Over the past 20 years, there has been a dramatic rise in the number of employee lawsuits. This increase has hit small businesses the hardest. Statistics vary, but the average cost to defend against an employee lawsuit is between $125,000 and $235,000 depending on what state you live in. As such, small business owners should do everything they can to protect themselves.
The reason that small businesses are disproportionately effected is that they typically do not have a legal department or a human resources department. In a larger companies, these groups would be responsible for creating and enforcing policies and procedures. So, if creating those departments is not feasible, how can a small business protect itself against employee lawsuits?
What Triggers Employee Lawsuits?
Before we discuss what small business can do, let’s be clear on what typically triggers a suit. The most common claims are a result of the follow:
- Discrimination based on race, gender, age, religion, or disability
- Wrongful termination
Now that we’ve established precisely what kind of lawsuits we are referring to, let’s examine what small businesses can do to protect themselves.
How Does Business Insurance Factor In?
One major misconception amongst small business owners is that their business owners insurance covers them against employee lawsuits. This, however, is not the case. A separate Employment Practices Liability Insurance (EPLI) policy or endorsement is required. EPLI pays to defend against lawsuits and pays out if the court finds in favor of the plaintiff. Often, small business owners are not aware of this gap in their insurance coverage.
Those who are aware of the need for EPLI often forgo it because they feel they cannot afford the added expense. They may also believe that an employee lawsuit is unlikely. So instead of purchasing EPLI, they chose to take a risk. Of course, a willingness to take risks is often a small business owner’s greatest asset. But one must learn to differentiate between good and bad risks and there is very little upside to gambling on potential employee lawsuits. Most employment lawyers, insurance agents, and seasoned business owners would all strongly advise carrying EPLI.
How Can An Employee Handbook Reduce Employee Lawsuits?
Insurance aside, one of the best ways you can provide additional protection for your small business is by developing an employee handbook. At the most basic level, an employee handbook sets expectations, outlines prohibited behaviors, and instructs employees on the procedure for reporting a complaint. A handbook minimizes misunderstandings which can help prevent employee lawsuits. Importantly, having a good employee handbook can also reduce the cost of EPLI insurance because insurers know that they help minimize costly risks.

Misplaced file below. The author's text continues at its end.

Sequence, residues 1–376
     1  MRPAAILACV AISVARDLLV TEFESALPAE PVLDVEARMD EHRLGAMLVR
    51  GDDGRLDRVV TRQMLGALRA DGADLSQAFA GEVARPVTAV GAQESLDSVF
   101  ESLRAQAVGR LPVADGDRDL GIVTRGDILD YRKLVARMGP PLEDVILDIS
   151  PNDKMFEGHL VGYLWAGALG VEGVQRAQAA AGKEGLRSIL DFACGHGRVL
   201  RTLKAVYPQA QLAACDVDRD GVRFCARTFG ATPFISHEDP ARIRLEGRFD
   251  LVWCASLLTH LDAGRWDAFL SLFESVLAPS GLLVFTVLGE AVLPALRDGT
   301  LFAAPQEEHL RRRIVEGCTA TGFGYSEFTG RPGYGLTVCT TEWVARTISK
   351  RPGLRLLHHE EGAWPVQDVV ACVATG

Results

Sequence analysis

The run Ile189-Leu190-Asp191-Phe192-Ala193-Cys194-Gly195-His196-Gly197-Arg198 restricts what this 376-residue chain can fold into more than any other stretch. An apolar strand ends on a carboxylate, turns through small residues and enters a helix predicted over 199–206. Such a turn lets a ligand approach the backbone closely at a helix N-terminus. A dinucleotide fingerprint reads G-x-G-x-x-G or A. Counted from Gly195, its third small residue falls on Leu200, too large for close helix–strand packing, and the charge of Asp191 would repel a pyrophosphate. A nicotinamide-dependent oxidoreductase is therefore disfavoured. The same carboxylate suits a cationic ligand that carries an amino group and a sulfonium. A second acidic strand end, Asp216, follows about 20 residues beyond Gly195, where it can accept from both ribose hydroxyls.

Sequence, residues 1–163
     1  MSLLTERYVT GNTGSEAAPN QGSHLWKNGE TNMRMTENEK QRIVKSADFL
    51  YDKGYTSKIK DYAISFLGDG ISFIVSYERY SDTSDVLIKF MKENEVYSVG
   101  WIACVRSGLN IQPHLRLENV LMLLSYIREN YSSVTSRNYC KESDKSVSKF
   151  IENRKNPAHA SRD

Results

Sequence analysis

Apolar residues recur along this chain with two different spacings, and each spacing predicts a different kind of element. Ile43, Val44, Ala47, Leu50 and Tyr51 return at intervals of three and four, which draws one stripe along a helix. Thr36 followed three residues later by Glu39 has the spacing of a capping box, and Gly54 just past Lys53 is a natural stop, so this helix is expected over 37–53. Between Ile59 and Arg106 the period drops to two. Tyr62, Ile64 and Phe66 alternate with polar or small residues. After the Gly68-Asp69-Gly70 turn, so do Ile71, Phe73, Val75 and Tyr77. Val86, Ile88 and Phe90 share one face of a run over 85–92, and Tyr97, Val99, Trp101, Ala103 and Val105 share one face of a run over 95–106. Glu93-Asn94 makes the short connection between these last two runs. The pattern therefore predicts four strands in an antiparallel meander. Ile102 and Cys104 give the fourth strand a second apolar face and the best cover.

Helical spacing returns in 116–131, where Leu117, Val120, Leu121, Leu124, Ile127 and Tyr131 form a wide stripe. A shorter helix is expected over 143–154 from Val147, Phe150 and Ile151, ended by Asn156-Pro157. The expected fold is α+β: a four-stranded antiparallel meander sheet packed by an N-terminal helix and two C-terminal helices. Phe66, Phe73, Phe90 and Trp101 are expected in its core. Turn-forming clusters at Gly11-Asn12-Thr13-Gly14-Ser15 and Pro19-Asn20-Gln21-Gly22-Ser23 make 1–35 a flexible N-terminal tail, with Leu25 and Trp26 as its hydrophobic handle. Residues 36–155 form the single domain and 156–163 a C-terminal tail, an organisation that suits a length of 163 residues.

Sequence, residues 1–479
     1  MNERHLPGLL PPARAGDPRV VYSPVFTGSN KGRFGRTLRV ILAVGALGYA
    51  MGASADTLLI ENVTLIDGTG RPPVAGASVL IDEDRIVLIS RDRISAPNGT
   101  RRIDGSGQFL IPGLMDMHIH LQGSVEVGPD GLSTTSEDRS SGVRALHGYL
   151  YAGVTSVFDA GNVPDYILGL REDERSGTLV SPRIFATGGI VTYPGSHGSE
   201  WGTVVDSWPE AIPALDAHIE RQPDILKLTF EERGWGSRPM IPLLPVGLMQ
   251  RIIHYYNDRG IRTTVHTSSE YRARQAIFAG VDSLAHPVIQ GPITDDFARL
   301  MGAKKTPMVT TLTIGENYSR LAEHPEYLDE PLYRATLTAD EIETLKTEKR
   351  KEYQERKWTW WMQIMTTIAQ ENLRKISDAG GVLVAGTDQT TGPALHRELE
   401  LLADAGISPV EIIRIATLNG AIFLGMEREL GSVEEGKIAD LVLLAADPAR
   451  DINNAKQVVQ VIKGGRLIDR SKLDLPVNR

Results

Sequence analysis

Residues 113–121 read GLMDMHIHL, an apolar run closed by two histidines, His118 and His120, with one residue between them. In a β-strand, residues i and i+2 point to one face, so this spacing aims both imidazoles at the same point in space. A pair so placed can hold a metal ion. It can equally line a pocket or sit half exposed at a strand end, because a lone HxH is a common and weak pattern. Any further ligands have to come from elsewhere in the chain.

What Should My Employee Handbook Include?
Hiring an employment lawyer or human resources consultant to help craft an effective employee handbook is best. There are also some excellent online resources such as The Society for Human Resource Management and the U.S. Department of Labor. Among the things that should be included in an employee handbook are the following:
- A list of federal, state, and local employment laws
- What is expected of employees in terms of performance and behavior
- Company policies on paid time off, medical leave, non-discrimination, and workers compensation
- Information on benefits, pay, and promotions
- Procedures for reporting a complaint
In addition, an employee handbook should also include an acknowledgment form. This is a page that employees sign saying that they have received and understood the handbook. If an issue later arises, having this acknowledgement on file can go a long way toward avoiding a costly employee lawsuit.
To maximize the effectiveness of an employee handbook, training is a must. It is not enough to simply draft and distribute the handbook. All employees should attend training sessions with ample time for questions. This is even more important for employees who are in a managerial role.
With expectations and requirements formalized, violations should be minimized. But when there is an issue, the establishment of an internal procedure for filing a complaint will protect a small businesses even further. Without an official procedure, employees who experience an issue will often go directly to an employment lawyer or the Equal Employment Opportunity Commission. This increases the likelihood of an employee lawsuit. Conversely, having an internal procedure often facilitates an in-house resolution.
Developing A Full Risk Management Strategy
Small business is the heart and soul of this country’s economy. If you’ve put everything on the line to start up your own enterprise, make sure you protect it. EPLI insurance, employee handbooks, and proper training are three great ways to start. Element Risk specializes in providing a complete risk management strategy for business of all sizes, with a particular expertise in companies with less than 50 employees. Contact us to receive a customized risk management consultation.